On July 14, 2009, 22 concerned citizens wrote to Judge Thrash requesting that he review Mr. Wright’s legal opinion and Atlanta’s non-compliance with the Safe Drinking Water Act. The Department of Justice’s response introduced yet more misleading information, but again did not address Mr. Wright’s legal opinion.

The City denies there are any problems but it relies on misleading information from the Department of Justice and others. In an e-mail from Aug. 27, 2009, Mayor Shirley Franklin, her Law Department, and private counsel chose to remain silent rather than address Mr. Wright’s legal opinion. Atlanta might be complying with the Clean Water Act but water/sewer ratepayers are financing projects which violate the Safe Drinking Water Act and pollute aquifers.

no name given

April 6th, 2010
7:43 am

This is the last thing we need. We don’t need Shirley training anyone. She’s nothing but a lowlife thug – what’s she gonna do? Train more thugs? Thanks for nothing.

Angry Taxpayer

April 6th, 2010
8:19 am

She illegally diverted funds, she left the City in a huge freakin financial hole…… and now she is teaching, great!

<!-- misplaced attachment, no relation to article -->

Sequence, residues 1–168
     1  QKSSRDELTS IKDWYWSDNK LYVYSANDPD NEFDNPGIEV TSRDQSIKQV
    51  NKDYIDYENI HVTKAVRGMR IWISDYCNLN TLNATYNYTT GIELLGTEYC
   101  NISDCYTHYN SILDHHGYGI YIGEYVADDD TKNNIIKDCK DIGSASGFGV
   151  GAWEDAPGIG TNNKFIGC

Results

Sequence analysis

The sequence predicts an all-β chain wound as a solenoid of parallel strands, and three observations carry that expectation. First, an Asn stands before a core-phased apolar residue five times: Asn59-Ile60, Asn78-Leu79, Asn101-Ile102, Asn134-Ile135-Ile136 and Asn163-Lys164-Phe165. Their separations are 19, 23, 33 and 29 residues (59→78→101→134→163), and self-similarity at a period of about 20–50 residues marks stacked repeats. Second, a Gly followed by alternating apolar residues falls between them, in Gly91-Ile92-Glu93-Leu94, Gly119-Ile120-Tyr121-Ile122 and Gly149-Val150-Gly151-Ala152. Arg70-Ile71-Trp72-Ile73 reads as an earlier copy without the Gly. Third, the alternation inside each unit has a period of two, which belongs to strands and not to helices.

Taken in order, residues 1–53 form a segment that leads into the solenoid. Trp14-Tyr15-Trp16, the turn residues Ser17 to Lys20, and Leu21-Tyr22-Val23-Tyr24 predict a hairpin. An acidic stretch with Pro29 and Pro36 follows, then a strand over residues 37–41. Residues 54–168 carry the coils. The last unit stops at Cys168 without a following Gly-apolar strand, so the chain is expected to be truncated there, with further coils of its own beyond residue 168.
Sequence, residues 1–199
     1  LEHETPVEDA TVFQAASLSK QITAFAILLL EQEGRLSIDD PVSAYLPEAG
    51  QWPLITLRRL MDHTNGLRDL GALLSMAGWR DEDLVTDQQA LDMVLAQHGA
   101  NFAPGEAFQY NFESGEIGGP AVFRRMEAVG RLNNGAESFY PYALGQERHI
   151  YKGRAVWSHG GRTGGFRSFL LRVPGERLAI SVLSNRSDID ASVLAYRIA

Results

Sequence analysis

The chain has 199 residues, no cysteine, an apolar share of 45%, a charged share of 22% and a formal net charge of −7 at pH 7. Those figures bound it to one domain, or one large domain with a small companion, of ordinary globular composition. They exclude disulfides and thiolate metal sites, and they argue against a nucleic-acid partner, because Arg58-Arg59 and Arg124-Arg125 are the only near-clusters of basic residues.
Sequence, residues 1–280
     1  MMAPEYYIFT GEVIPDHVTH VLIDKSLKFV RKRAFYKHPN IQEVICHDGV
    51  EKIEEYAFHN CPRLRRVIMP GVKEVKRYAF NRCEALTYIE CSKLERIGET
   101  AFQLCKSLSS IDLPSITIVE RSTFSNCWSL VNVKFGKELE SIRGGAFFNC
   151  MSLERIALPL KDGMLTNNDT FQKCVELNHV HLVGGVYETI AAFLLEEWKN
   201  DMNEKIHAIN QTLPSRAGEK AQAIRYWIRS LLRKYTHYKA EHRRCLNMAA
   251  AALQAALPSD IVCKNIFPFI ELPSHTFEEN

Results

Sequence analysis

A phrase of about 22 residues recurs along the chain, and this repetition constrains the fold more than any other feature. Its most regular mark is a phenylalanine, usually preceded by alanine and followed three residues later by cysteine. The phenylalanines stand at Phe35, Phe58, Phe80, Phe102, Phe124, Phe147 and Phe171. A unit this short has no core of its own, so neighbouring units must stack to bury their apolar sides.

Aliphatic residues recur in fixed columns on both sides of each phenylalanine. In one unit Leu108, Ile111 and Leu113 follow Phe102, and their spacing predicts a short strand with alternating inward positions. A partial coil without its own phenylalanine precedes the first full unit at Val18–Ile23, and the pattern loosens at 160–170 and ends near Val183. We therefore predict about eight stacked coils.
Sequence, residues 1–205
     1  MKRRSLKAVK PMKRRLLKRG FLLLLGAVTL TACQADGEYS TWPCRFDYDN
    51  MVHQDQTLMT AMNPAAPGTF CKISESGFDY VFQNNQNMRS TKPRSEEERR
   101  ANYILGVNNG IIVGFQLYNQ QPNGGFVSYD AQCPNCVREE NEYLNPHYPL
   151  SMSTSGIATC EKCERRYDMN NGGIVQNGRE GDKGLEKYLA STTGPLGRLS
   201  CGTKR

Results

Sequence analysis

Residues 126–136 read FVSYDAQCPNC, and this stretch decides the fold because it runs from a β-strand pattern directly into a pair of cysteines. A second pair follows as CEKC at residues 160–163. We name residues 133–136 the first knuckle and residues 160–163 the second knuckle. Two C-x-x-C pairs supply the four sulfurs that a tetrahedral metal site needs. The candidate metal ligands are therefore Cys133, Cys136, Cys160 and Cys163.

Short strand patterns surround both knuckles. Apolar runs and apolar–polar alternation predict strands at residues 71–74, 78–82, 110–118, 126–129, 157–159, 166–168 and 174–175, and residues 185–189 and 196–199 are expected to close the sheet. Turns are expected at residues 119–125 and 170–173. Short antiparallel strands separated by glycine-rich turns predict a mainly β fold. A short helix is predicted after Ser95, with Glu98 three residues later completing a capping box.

Citizen S

April 6th, 2010
8:27 am

I was just wondering what Mayor Franklin would be doing after leaving office. I am elated that she is influencing the lives of young women. I wish her much success in ths endeavor and others.

no name given 2

April 6th, 2010
8:28 am

Shirl girl can teach them how to “Go Philly” on folks. Its real popular today in politics. Come to think about it, I’m surprised Shirl girl is not up in Washington with the rest of the political thugs-I’m sure she could adapt to the “Chicago style” way of doing things!

Karen W.

April 6th, 2010
9:09 am

Good for Mayor Franklin. Spelman is a great institution and young people need positive role models.

no name given 3

April 6th, 2010
9:38 am

Great job Mayor Franklin! We applaud and admire your efforts to make Atlanta better despite it being a constant uphill battle and we applaud your efforts to mold tomorrow’s leaders.